Saturday’s reunion doubled as an 80th birthday party for Swanson, who is also coming off the remarkable feat of having sailed through the Northwest Passage, from eastern Canada through to Alaska, in 2007. No other American sailor had ever done this. The 6,600-mile voyage took 73 days aboard the 57-foot boat, Cloud Nine.

“We just happened to hit it at the right time, I guess,” Swanson said. He had made two previous tries at the passage.

Swanson also has sailed around the world three times. His trips with friends have included every continent, even Antarctica. His last sailing trip was in April, and he says he is now ready to sell Cloud Nine.

But the memories remain strong.

Bill Kronschnabel of St. Paul served as master of ceremonies Saturday as people shared their tales of the sea. Kronschnabel said he was glad all Swanson’s shipmates got a chance to gather in one place, because they did not all sail together, but probably have heard stories about each other.

“These are people living in very close confines (aboard boat),” he said. “Then, as life happens, we go our separate ways.”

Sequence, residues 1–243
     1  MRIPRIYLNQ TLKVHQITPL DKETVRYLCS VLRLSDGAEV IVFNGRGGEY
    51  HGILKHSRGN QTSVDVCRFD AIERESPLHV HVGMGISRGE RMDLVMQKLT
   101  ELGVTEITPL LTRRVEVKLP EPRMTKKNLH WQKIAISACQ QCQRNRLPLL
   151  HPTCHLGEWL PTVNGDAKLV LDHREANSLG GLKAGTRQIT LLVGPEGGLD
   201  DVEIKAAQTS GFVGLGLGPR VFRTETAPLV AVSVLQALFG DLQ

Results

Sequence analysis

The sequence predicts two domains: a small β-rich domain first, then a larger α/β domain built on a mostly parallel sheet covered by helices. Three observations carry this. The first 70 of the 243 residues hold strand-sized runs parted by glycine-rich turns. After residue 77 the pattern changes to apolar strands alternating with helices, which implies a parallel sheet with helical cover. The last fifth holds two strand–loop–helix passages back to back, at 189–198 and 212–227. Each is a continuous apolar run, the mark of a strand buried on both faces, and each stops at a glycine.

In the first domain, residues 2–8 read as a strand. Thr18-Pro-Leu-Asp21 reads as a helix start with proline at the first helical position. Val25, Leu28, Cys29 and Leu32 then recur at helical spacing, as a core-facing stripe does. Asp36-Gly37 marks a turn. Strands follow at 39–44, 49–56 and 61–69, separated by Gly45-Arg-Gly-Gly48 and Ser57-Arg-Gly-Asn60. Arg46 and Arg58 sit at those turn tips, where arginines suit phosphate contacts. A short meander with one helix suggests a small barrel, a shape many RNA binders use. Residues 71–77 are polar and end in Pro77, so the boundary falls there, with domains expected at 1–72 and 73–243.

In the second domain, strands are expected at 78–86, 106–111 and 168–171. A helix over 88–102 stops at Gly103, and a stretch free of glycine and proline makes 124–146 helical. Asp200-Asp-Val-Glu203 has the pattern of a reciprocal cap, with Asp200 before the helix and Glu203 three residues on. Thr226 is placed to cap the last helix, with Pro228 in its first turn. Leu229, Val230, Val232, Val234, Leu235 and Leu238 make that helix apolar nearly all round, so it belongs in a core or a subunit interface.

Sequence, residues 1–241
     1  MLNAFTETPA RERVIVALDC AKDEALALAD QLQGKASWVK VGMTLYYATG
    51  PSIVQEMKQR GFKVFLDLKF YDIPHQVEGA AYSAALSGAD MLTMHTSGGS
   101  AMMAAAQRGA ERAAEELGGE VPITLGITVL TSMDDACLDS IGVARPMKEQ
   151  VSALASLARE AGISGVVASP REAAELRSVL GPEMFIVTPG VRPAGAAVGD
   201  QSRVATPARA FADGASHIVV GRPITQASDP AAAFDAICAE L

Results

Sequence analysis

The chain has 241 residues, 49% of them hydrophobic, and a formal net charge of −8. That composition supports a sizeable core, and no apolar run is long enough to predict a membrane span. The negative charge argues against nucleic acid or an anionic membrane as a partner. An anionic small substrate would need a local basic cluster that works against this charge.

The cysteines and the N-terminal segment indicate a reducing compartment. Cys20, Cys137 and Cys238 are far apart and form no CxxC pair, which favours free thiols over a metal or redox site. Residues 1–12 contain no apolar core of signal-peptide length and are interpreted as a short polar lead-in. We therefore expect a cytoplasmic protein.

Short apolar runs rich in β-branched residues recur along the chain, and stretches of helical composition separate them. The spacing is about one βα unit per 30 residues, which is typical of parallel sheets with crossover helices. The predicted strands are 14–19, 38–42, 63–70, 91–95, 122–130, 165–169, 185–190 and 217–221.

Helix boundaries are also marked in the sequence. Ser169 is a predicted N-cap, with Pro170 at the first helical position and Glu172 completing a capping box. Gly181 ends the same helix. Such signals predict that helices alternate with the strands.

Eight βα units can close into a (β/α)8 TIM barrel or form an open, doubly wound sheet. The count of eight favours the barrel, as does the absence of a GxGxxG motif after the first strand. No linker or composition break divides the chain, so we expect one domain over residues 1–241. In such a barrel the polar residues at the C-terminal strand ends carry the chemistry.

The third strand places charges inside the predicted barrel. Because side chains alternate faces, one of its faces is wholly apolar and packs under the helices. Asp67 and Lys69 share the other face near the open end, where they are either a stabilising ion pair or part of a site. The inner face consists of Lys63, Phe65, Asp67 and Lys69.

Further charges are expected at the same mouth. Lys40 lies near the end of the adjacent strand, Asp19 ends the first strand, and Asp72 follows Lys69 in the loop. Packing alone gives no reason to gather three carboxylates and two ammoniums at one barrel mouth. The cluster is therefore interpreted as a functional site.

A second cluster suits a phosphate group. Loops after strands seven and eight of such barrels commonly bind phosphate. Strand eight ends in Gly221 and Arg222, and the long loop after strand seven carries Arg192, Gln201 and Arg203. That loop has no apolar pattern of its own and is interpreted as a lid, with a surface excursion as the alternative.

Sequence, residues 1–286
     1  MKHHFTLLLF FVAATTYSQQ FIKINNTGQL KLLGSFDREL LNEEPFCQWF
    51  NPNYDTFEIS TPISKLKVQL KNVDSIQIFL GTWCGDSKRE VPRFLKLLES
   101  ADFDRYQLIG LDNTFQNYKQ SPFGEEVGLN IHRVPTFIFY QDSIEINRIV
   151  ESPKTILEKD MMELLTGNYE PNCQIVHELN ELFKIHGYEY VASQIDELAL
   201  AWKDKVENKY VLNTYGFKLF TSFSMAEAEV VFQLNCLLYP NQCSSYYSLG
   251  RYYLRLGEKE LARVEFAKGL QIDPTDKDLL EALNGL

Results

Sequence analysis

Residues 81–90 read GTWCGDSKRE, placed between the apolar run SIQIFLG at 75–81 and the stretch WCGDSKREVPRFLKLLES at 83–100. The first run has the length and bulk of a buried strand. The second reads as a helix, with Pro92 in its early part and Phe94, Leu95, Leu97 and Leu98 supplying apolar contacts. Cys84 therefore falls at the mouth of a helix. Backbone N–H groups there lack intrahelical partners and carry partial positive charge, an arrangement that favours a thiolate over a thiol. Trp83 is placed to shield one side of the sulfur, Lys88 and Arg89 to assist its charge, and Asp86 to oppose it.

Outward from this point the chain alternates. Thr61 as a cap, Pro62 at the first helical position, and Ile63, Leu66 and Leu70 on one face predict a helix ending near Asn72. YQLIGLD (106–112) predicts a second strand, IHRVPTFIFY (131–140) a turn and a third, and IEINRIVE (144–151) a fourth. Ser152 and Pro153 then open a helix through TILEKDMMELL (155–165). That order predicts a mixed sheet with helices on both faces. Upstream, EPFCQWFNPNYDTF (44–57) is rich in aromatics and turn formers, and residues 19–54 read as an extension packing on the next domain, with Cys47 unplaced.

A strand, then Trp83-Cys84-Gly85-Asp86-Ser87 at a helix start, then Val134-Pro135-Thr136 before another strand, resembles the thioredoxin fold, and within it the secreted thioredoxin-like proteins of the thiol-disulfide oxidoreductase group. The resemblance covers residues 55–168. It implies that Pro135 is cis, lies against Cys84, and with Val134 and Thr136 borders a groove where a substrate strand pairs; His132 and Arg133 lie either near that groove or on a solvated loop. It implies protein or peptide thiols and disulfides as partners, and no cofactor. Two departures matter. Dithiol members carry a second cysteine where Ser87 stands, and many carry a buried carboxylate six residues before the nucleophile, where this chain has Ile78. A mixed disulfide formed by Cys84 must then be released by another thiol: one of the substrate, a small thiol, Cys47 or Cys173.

Kronschnabel and others described “Rogerisms,” or trends on voyages. Such as putting up a sail, even though everyone knows it will have to be taken down in 45 minutes. Or being the boat out in the furthest anchorage. Or being the first boat to sail in the morning. Or seeing Swanson’s tail in the air and head below deck as he works on the engine. Or getting strict instructions from him on toilet paper rations. Or getting their kitchen assignment. Or only putting on classical music.

“But there are good reasons for it all,” Kronschnabel said. “Good lessons. It’s about seamanship. It’s about getting along with people.”